In the wake of the Washington Post
leaks, there's been a great deal of discussion over how, exactly, companies like Google share data with the government. The original report implied that the NSA
has direct datacenter access and either grabs the information directly from Google or was copying and analyzing traffic as it flowed through the tubes. Google has gone on the offensive in recent days to simultaneously clarify its own cooperation with the NSA and to push for greater transparency where access requests are concerned.
It should be noted, in fairness to Google
, that this greater transparency push lines up with the company's pre-Snowden statements. In recent months, Google has filed suit against the gag orders routinely imposed on companies and fought for the right to disclose the nature and number of information "requests" it receives. The company's advocacy on this issue isn't new, even if it's now more prominent.
According to Google, the NSA has no direct access or oversight into the company's data centers. Instead, the information the NSA requests is delivered by hand or via secure FTP. A company spokesperson stated that while the government has asked Google to provide it with easier access tools, "We have been asked to do things in the past and we have declined.”
What Google does
do is answer requests via secure FTP or deliver documents by hand. The NSA therefore has access to Google data, yes, but only in a limited fashion. Google is the first company to clarify things to this degree; Facebook, Yahoo, and Microsoft have remained silent, as has Apple.
Don't Miss The Point:
The details of how the NSA asks Google for information are interesting, but ultimately not the real concern. The real problem here is oversight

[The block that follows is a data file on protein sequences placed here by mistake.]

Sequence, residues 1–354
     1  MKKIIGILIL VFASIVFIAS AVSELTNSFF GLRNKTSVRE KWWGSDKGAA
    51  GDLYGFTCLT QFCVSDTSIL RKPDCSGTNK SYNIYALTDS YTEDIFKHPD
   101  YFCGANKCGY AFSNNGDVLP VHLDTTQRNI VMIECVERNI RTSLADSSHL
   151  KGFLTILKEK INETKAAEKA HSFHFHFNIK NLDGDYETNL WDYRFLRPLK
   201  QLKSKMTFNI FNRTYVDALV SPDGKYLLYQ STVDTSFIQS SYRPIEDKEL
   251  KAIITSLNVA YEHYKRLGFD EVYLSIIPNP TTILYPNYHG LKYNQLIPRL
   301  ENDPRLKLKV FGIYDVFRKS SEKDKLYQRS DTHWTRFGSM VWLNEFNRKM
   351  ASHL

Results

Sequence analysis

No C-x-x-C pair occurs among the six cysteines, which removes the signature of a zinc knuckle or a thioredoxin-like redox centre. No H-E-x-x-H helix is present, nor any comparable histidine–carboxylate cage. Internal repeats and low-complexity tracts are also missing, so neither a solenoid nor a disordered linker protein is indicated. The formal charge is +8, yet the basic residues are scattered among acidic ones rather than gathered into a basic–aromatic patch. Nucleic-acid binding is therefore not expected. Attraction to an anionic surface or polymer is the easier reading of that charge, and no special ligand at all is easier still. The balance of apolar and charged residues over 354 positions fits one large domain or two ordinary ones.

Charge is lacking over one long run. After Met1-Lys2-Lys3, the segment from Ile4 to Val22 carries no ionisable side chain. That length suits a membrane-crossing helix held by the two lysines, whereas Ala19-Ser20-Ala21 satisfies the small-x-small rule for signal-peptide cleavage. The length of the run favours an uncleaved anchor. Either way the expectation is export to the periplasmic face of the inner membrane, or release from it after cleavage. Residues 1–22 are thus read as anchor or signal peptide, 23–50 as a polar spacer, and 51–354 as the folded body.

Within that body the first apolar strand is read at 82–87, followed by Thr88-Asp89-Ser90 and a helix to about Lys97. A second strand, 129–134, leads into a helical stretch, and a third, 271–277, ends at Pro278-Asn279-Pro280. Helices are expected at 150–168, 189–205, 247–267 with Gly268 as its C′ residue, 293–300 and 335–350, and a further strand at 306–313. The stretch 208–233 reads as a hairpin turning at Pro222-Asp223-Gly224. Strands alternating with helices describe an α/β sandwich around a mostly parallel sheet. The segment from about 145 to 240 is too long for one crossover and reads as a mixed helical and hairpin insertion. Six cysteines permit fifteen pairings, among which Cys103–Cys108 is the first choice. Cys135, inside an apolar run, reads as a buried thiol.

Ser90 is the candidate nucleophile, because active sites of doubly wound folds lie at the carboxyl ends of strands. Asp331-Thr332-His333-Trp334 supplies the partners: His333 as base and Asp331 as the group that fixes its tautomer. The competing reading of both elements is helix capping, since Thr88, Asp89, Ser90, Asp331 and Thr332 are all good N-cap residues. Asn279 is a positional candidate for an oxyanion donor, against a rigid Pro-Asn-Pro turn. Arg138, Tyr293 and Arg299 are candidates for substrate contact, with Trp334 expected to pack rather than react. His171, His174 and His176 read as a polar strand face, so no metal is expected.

. National Security Letters require Google to turn over so-called transactional data, or metadata. They carry gag orders that block Google from acknowledging that the request was even made. The FISA court has been criticized by former members of the NSA as being "a kangaroo court with a rubber stamp."
Unlike the standard court system, the FISA court isn't adversarial. The only parties present are the federal government and the judge and FISA judges almost never block warrant requests. All of the efforts to challenge FISA and pour sunshine into these systems in the wake of the warrantless wiretapping scandals six years ago were defeated by the government, with the explicit support of the US judicial system.
Think about what that means for a second. When the NSA or FBI shows up with a warrant, Google is legally obligated to turn over this information -- and, until last month, was barred from revealing that it had been ordered to do so. The company claims that it takes steps to limit what information the government can access, but while that may be true, it doesn't address the problem that the government can demand access to data through a process that enjoys zero independent oversight.
For the NSA, this is something of a non-issue. If it wants data on John Doe, it can go to FISA and get a warrant. We know such warrants have
standards but not what those standards are. When Google says "Get a warrant" and the NSA says "We have warrants on tap," Google cannot safeguard your information to any meaningful degree without committing perjury. It doesn't matter if Google turns over the data on reams of paper, flash drives, or with network access. The point is, the government can intiate these mandatory data dumps at will, with no need to demonstrate cause to a traditional court. And Google, at present, is legally barred from discussing it.
Even if you trust the NSA and FBI, the freedom to discuss how these organizations are using their legal powers is essential to the preservation of democracy. A country that cannot examine such information cannot evaluate if the organizations are serving their intended purpose. Transparency and accountability matter, no matter who you vote for.